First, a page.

Four in five claim car is essential despite rising costs of motoring
Motorists are making serious lifestyle sacrifices to help pay to keep their cars on the road while others are cutting back on essential car maintenance, according to a new comprehensive report.
The study highlights how vital the car has become to our everyday personal and family existence with over four in five (84%) drivers describing their vehicle as essential to daily life. The lack of public transport in many parts of the country, or alternatives to the car for carrying out routine activities means only 3% of respondents in the wide-ranging report for Halfords say the car is “not a necessity”.
Despite ever increasing fuel costs and soaring insurance premiums, two in three (63%) car-owners still get behind the wheel every day and nearly half (42%) drive for two hours or longer.
Almost half (44%) cite the commute to work as the main reason they use the car and a quarter (24%) say they are reliant on the car for basics such as the weekly grocery shop. Children play a large part in the use of cars by families with nearly one in ten (9%) of owners saying they need a vehicle to ferry kids to and from school, to friend’s homes and to pick them up from after-school activities.
The Halfords Friend of the Motorist Study 2012, examines the attitudes and habits of 2,000 drivers in Britain and reveals the compromises drivers are increasingly being forced to make to cope with the rising financial demands of keeping a car on the road, with one in six (18%) admitting to making lifestyle sacrifices.
Amongst the sacrifices being made by motorists include cutting back on other expenditure such as nights out or leisure activities (20%), cancelling days out to visit family and friends (18%) or choosing to visit only those closer to home (36%). Car sharing to get to work has become more popular with one in ten (10%) saying they have linked up with colleagues for the daily commute. People were also visiting the supermarket less and doing more big shops rather than several smaller shops.
The study also found that this reliance on the car has had a profound impact on the way people drive, with nine of out ten motorists (92%) admitting to changing their driving habits – by accelerating more slowly and breaking less harshly – in a bid to save fuel.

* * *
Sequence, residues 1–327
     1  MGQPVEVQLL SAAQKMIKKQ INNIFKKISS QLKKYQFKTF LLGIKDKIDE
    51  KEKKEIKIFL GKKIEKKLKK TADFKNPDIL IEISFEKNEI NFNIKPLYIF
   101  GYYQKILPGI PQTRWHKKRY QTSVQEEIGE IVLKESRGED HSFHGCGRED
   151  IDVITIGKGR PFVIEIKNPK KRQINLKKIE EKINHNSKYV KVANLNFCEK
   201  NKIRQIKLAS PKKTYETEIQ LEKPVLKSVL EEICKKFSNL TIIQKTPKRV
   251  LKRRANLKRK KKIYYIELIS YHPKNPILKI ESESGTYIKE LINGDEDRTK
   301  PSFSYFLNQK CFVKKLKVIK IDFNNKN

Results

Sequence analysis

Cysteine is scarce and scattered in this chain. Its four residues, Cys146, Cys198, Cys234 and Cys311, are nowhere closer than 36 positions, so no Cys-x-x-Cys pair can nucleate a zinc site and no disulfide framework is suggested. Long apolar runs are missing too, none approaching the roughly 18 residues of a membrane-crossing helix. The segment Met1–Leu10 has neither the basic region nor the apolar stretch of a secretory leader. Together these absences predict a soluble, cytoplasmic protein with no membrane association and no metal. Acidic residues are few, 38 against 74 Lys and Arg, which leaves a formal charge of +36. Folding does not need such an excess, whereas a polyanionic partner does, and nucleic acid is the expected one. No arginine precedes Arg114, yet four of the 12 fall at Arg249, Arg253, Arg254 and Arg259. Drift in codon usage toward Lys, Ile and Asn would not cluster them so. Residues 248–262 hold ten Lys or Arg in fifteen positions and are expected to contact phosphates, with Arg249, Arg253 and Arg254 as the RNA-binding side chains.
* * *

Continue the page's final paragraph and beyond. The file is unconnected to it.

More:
One worrying trend from a road safety perspective is the one in 12 (8%) who say they delay carrying out essential car maintenance to save money. Meanwhile other car-owners (27%) have economised by switching to an independent garage or chain, in place of more expensive main dealerships.
The study did find evidence that some cash strapped motorists (37%) are willing to attempt simple maintenance tasks. But of this group less than half would attempt basic tasks like changing a defective bulb or wiper blade, topping-up screen-wash or adding coolant to the radiator. Only one in five would undertake anything more challenging like replacing a battery and an even smaller percentage a job like replacing a fan belt.
It seems for many motorists today’s complicated, high tech engines are simply too daunting – with 44% of respondents feeling that they have neither the time nor the knowledge to try even the simplest job. Of the group delaying car maintenance (8%), the survey reveals how this tactic could put themselves and other road users at serious risk. Two thirds (67%) delay the annual recommended car service but potentially more dangerous is, almost half (47%) leave tyre replacement until the tread is at or below the legal minimum, while a third (37%) ignore strange engine noises or dashboard warning lights and a fifth (22%) do not replace brake pads. Taken across total car ownership this would mean some one million cars on the road with unsafe tyres and brakes.
Commenting on the study’s findings Halfords Commercial Director, Paul McClenaghan, said
It is clear that families cannot give up their car – it is an essential part of their everyday lives but the cost of motoring is having a painful impact on people’s pockets but putting off maintenance really is a false economy. By choosing to ignore obvious faults or manufacturers’ advice, drivers are only delaying the inevitable and likely to increase the eventual cost when something fails – as well as potentially putting both themselves and other road users at risk
Perhaps the hardest hit by rising motoring costs are those teenagers struggling to afford to learn to drive. The study found that nearly half (48%) of 18-34 year olds are unable to pay for lessons and one in five (20%) of parents are opting to teach their kids to save on costs.
The expense of buying a car, then running it means nearly one in three (30%) of those that do pass their test won’t be able to buy a vehicle and more than one in ten (15%) are giving up a luxuries in order to save for one. The cost of insuring a car also means that 22% of new drivers will be insured on the family car rather than having their own policy.
Motoring writer and broadcaster, Mike Rutherford, said
With people, young and old relying on their cars as much if not more than ever, the financial impact on drivers and families is taking its toll. It’s very worrying that 8% of drivers are delaying essential maintenance, that means there are a million cars on the roads with faults that need fixing and that are a potential risk to the driver, their passengers and other road users . It’s also a false economy as delaying maintenance can lead to more costly repairs at a later stage
The Halfords Friend of the Motorist Study 2012 is available now to download from